On 05.05.2017 11:09, Johan Corveleyn wrote:
> On Fri, May 5, 2017 at 12:49 AM, Doug Robinson
> <doug.robinson_at_wandisco.com> wrote:
>> (sorry for the empty message - dwim failed)
>> On Thu, May 4, 2017 at 7:26 AM, Johan Corveleyn <jcorvel_at_gmail.com> wrote:
>>> On Thu, May 4, 2017 at 10:16 AM, Daniel Shahaf <d.s_at_daniel.shahaf.name> wrote:
>>>> Doug Robinson wrote on Wed, May 03, 2017 at 15:54:50 -0400:
>>>>> Not seeing it - at least not yet. In Perl the RE needed to handle
>>>>> this would be one of the duals, e.g. "/trunk/iota(|/.*)" - the
>>>>> either/or with nothing on the left and "/.*" on the right. It really
>>>>> is a dual case. I know of no better syntax. Since we're working on
>>>>> this as a wildcard I don't see an alternative.
>>>> Off the top of my head, we could have [/trunk/iota/***] and
>>>> [/trunk/iota/**] with different meanings (the former applies to
>>>> a /trunk/iota file, the latter doesn't). Does anyone else (besides Doug
>>>> and I) have ideas here?
>>> Hmm, /*** doesn't look like something I'd remember easily, if I wanted
>>> to use that feature as an svn admin.
>>> I have only followed this discussion from a distance. If I understand
>>> correctly the remaining point is whether or not /iota/** would match
>>> with the file /iota or not. Speaking purely from my own intuition, I
>>> would say "no". I feel this pattern is intended to apply to the
>>> _subtree_ below iota, including iota itself (which is thus implied to
>>> be a directory, because we're talking about subtrees). In practice I
>>> think the admin configuring this rule will know whether iota is ever
>>> intended to be a file or a directory. A rule like that to me always
>>> implies that "the guy who configured it" expects iota to be a
>>> directory (why else would he put a "subtree rule" for it).
>>> TBH, I also don't really see the use case of "I want this rule to
>>> apply to the _namespace_ iota, i.e. to the file iota (if it's a file)
>>> and to directory iota and its subtree (if it's a directory)". In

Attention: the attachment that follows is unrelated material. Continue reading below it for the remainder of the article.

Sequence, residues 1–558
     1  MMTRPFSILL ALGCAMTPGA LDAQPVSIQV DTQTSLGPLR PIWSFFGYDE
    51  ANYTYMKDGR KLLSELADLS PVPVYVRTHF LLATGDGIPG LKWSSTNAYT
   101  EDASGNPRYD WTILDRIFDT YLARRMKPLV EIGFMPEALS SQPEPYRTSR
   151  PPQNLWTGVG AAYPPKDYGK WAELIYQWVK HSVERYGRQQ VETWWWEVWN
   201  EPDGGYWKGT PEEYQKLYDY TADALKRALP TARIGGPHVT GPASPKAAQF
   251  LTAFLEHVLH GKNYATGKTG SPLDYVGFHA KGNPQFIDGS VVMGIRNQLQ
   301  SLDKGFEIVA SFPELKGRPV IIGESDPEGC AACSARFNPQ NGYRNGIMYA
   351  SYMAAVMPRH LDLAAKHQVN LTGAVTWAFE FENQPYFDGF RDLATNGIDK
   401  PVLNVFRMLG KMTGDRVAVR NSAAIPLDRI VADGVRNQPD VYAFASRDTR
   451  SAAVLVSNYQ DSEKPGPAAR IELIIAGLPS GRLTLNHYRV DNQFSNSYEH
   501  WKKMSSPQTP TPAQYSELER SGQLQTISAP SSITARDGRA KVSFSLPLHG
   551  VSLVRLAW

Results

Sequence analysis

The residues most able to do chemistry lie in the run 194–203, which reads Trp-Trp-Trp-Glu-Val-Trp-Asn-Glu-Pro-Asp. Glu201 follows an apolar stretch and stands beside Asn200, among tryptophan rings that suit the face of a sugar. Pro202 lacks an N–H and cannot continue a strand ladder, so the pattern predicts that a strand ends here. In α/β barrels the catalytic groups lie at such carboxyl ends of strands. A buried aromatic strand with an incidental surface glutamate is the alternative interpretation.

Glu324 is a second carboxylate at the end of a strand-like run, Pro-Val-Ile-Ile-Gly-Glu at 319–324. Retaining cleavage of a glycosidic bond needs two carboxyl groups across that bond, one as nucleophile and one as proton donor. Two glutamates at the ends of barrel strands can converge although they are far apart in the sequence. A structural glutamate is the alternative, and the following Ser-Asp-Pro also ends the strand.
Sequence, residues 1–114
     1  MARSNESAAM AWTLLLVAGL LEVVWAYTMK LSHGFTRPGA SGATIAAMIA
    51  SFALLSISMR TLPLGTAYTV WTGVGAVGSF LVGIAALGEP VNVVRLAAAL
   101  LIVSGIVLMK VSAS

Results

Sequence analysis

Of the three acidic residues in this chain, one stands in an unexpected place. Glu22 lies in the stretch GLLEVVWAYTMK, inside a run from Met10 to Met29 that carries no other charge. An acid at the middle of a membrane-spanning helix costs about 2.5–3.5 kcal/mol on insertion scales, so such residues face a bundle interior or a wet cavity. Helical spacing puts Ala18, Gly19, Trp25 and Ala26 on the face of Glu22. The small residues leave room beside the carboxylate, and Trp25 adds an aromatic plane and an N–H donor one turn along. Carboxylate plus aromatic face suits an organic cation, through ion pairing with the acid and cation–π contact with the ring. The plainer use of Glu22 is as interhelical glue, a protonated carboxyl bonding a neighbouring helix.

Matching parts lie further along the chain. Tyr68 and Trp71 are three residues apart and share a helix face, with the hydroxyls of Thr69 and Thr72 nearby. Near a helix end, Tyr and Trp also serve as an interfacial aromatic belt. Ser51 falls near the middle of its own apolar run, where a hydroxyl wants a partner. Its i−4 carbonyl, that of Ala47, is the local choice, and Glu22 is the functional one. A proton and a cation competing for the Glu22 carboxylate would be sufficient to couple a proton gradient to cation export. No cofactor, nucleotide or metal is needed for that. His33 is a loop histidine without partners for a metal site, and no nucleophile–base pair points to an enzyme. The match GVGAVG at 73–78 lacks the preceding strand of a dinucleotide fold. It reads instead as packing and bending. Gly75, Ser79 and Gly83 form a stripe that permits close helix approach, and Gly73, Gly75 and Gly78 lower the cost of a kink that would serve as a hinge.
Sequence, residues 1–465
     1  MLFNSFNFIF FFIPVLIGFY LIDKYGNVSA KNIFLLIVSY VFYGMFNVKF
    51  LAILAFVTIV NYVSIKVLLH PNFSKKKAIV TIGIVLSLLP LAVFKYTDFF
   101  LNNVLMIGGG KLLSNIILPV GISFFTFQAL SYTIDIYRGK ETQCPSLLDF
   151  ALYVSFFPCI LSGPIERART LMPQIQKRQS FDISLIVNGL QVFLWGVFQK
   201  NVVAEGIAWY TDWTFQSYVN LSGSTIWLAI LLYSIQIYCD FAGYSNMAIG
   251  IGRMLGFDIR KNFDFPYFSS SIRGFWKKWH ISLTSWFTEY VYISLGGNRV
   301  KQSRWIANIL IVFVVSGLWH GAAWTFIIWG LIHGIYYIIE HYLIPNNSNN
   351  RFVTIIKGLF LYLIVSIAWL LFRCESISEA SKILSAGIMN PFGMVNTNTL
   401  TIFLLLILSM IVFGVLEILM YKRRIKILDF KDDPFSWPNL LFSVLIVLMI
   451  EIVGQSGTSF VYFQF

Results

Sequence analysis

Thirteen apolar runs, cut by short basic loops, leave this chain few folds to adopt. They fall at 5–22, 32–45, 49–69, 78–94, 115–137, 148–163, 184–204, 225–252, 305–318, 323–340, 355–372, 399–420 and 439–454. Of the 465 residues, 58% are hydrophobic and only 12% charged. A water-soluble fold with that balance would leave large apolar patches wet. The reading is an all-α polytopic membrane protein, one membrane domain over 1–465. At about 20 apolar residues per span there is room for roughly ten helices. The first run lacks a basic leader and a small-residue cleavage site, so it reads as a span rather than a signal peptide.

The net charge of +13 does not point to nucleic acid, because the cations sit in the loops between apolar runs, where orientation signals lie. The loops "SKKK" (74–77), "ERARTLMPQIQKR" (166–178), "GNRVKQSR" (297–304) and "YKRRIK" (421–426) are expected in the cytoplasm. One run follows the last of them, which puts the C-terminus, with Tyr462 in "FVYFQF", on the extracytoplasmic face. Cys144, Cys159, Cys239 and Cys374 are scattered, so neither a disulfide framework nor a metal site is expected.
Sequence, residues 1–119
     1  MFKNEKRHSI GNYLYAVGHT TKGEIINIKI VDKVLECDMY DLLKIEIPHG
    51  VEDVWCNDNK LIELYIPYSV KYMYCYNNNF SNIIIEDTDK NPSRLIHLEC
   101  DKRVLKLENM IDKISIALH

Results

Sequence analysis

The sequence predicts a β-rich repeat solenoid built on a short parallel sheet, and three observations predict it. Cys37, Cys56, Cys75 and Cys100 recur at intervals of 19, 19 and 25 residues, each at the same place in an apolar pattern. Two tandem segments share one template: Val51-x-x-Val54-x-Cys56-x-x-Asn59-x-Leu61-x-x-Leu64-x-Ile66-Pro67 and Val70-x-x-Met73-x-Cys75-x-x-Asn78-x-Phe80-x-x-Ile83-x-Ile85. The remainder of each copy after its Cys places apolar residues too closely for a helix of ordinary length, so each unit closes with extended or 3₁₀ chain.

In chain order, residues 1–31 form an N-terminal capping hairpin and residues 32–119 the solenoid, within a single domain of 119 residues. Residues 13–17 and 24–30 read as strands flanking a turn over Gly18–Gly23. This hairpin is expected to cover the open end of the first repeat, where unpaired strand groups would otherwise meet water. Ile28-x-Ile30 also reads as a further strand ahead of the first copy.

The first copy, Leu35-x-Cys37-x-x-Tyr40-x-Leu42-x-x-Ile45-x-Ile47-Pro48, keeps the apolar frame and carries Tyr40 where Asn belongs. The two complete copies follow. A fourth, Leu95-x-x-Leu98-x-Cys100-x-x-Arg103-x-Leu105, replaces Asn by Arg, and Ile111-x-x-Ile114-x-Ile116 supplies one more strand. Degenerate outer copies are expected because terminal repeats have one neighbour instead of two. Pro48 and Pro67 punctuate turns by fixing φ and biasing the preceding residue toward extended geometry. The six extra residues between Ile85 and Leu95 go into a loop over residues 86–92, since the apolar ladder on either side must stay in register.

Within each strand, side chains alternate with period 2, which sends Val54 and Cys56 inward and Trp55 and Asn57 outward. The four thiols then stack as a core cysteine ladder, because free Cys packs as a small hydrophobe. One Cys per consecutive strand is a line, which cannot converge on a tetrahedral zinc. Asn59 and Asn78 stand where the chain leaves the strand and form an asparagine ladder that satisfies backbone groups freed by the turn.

>>> context, you always know whether it's meant to be a file or a
>> The use case is exactly that some administrator wants to reserve
>> the namespace. They do not want some sly person to create a file
>> where they will, at some point in the future, create a directory. It will
>> be sad that we can't have a simple way to make this reservation, but,
>> as I noted above, short of the current "[:glob:/iota/**]" doing the job it
>> will take 2 stanzas.
>>> Maybe we should just follow what most other implementations do?
>>> I've done a quick check in Atlassian FishEye / Crucible (searching for
>>> files). There /iota/** does not match file /iota (but it does match
>>> directory /iota).
>> The FishEye reference I found does not have a "**" operator - just a "*"
>> operator (https://confluence.atlassian.com/jiracoreserver073/search-syntax-for-text-fields-861257223.html).
>> For all cases where a tool has a "*" operator this is semantically going
>> to "not match" this use case since the "*" operator that has been
>> implemented in SVN (at least so far) does not span past a single
>> directory entry.
> Ah. No, I'm referring to this syntax in FishEye:
> Unfortunately the document does not specify the cases we're interested
> in here. But I've tested them on our own FishEye instance :-). In this
> case "/dir/**" does return /dir, but "/file/**" does not return /file.
> But okay, it's just one example.
> In the FishEye doc they say they're doing their pattern mathing "same
> as the pattern matching in Apache Ant". So I've checked ant as well.
> On this page:
> at the bottom of the table they say:
> **/test/** - Matches all files that have a test element in their
> path, including test as a filename.
> So I've done a little test in ant (see ): apparently "**/test/**"
> will match the file test, but "/test/**" doesn't! Weird. Apparently
> the same goes for FishEye, if I put "**/" at the beginning of the
> pattern, it does match the file.
Before we go too far down this rabbit hole of possible semantics, I'd
like to remind you that in Subversion's authz implementation, the path
matching happens before we know anything about the structure of the
repository. Specifically, we don't know if a particular name in the
pattern even exists in the repository and if it does, whether it's a
file or a directory.
So, any discussion about whether something should match a file or not is
nice in theory, but a waste of time in practice. IMO there is absolutely
no chance of the authz check actually looking at the repository to
determine what kind of object we're looking at: not only would this
require a significant change in the authz architecture, it would also
slow authz checks down to probably an order of magnitude worse than they
were _before_ the current rewrite. A non-starter.
It would be a lot better to discuss if the current behaviour is sensible
given what we know when the authz check occurs.
Received on 2017-05-05 11:22:19 CEST